Have you ever watched a Major League Baseball game and thought to yourself, “If I were as tall as that guy, would I be able to play professionally?” There’s no question that guys at the highest level are physically gifted. Take the Dodgers’ Clayton Kershaw, for example. In addition to being blessed with a golden left arm, the future Hall of Famer stands 6-foot-4 and has unbelievable leg strength. But physicality isn’t the only thing that keeps a talented young pitcher from making the jump to professional ranks. Poor mechanics will sabotage any dreams of a lengthy career for a pitcher. In this post, we will look at the most common pitching mechanic flaws and how to fix them.
- Too short of a stride – Ideally, a pitcher’s stride should be about 85 percent of their height. But most pitchers end at about 50 percent. Keep in mind that a short stride cuts the amount of time in the wind-up. Why is this such a big deal? Well, a short stride means that the shoulder and elbow won’t reach the correct position. Without a proper stride, the arm must play catch up for the remainder of the throwing motion. This leads to increased elbow injury risk, which rarely spells long-term success for pitchers. Consider the towel drill to improve stride length.
- The “Inverted W” – Ah yes, a pitching coach’s worst nightmare. The “Inverted W” is a result of leading with your elbows instead of the ball as your hands break from the glove. Shoulders shrug and the ball hangs below, looking like an inverted W. Granted, all-star righthander Stephen Strasburg has carved out a nice career despite an inverted W. But by no means should this be taught to young pitchers. Throwing with such mechanics puts a significant amount of strain on the elbow and disrupts the normal timing of the pitching motion. To put a stop to the inverted W, get in touch with a pitching instructor.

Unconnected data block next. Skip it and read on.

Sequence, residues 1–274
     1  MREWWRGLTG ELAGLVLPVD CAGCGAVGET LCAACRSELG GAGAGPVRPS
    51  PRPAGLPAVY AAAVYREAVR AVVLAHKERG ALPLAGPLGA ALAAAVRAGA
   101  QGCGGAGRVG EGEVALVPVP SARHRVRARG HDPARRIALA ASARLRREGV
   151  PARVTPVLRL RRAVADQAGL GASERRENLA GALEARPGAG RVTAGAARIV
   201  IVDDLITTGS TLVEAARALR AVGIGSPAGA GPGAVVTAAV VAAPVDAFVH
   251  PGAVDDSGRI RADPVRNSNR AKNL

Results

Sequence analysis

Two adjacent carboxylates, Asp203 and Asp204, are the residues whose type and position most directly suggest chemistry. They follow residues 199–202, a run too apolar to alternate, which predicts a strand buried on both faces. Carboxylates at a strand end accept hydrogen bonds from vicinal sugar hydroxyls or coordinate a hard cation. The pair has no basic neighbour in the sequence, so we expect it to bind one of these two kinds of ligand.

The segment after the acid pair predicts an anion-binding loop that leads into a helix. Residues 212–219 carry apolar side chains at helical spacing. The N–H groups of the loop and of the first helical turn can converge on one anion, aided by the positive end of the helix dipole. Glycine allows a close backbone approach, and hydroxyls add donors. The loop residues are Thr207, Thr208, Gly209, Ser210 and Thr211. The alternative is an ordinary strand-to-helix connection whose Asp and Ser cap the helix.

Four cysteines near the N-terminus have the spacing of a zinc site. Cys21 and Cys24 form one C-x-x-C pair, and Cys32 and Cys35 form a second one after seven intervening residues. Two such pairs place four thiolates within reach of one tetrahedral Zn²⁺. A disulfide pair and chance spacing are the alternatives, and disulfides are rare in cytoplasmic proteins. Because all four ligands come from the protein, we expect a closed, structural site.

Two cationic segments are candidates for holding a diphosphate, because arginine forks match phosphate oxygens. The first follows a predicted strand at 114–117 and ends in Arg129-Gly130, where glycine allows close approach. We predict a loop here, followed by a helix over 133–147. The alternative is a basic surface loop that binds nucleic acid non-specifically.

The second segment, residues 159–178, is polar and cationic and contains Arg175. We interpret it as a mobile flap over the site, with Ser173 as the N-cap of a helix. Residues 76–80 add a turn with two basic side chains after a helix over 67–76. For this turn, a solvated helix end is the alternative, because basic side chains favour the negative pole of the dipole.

- Too much weight on the front leg – A pitcher’s power comes from their hips and lower half. In order to produce the necessary power to throw, it’s imperative to stay on your back leg throughout the stride phase. The last thing you want is to come down violently on your front side and take your hips/glutes completely out of the equation. To correct this, go through your stride repetitively in front of a mirror until staying on your back leg becomes muscle memory.
- Moving the head away from home plate – The acceleration phase occurs when the shoulder begins to move forward from the early cocking position and ends at ball release. Should a pitcher’s head move toward either side, there’s a good chance they will struggle with control. Repetition in front of a mirror should lead to improvement in terms of keeping your head in line with home plate.
- Poor follow-through – A sound follow-through has the throwing arm finishing outside of the front foot with a back leg kick that comes off the ground. Consider using the towel drill to improve this mechanical flaw as well.
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